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Ask a Foodie: Cooking a Roast of Grass-Fed Beef

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You can't cook grass-fed beef like grain-fed beef.

Q. My sister is planning to purchase a rib roast for Christmas dinner, and wants to get grass-fed beef. Do you cook grass-fed beef, say a strip or standing rib roast, differently than conventionally raised beef?     J.W.

A. Dear J.W.  Grass-fed beef is not as heavily marbled with fat as is beef that has been fattened on corn or other grains. So, because there is not as much fat to baste the meat internally as it cooks, you want to be careful to not overcook grass-fed beef. It will be too dry. Here are tips from grassfedandhealthy.com and what’scookingamerica.net.

  • Reduce the temperature of your grain-fed beef recipes by 50 degrees — for example, set the temperature at 275 degrees for roasting or at the lowest heat setting in a crock pot. The cooking time will still be the same or slightly shorter even at the lower temperature.  Watch your meat thermometer so you don’t overcook the meat. Use moisture from sauces to add to the tenderness when cooking your roast.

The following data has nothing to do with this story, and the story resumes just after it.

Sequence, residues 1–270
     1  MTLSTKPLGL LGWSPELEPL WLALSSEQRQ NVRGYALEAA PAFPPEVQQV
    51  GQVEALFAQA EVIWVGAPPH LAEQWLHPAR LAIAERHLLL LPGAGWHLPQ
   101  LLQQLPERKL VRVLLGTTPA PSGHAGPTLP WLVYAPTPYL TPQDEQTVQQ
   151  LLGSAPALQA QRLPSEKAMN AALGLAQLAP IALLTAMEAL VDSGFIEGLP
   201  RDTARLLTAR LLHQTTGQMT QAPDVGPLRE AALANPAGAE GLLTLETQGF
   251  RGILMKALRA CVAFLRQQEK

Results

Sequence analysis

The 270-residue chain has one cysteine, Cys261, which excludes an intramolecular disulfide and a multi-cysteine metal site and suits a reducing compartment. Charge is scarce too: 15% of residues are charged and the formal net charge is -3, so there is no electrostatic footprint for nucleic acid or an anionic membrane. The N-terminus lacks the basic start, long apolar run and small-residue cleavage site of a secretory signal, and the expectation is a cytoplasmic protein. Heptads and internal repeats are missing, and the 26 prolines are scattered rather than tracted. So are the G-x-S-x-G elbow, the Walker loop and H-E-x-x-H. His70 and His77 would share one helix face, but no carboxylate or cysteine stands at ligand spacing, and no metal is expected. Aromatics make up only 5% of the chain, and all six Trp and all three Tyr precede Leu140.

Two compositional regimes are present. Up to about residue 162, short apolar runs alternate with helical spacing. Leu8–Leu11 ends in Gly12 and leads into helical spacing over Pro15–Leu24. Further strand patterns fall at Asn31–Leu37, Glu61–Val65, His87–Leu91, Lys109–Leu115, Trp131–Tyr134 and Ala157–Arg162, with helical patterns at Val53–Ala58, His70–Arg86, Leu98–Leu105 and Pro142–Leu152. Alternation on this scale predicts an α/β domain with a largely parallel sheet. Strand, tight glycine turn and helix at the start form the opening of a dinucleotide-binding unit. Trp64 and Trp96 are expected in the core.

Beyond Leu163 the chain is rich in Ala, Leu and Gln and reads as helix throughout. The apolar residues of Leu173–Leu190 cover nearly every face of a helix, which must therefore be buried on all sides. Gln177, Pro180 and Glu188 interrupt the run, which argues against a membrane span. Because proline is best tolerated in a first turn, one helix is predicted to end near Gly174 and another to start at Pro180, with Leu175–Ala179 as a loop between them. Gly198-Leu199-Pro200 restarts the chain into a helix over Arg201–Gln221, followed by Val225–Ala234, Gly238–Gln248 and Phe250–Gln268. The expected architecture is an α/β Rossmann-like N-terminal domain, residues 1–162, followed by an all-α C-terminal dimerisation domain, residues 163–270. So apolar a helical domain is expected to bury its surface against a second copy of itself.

• Never use a microwave to thaw your grass-fed beef. Thaw your beef in the refrigerator.
  • Bring your grass-fed meat to room temperature before cooking. Do not cook it cold straight from a refrigerator.
  • Always preheat your oven, pan or grill before cooking grass-fed beef.
  • When roasting, sear the beef first to lock in the juices. You can do this in a large braising pan on top of the stove, in oil, turning the beef roast with tongs to brown it on all sides. Then, place in a preheated oven.  You can season it with salt or pepper, or whatever you wish, before you sear it.
  • Grass-fed beef will cook more quickly than conventional beef, so again, keep the thermometer handy. Also, you will want to roast to rare or medium rare, and let the roast sit for 10-15  minutes when you take it out of the oven so the juices redistribute themselves.
  • Also, remember that the roast will continue to cook after you take it out of the oven and let it rest. Keep this in mind. For rare, you want to have the roast at between 120-125 degrees internal temperature. For medium rare, the temperature is 130-135.
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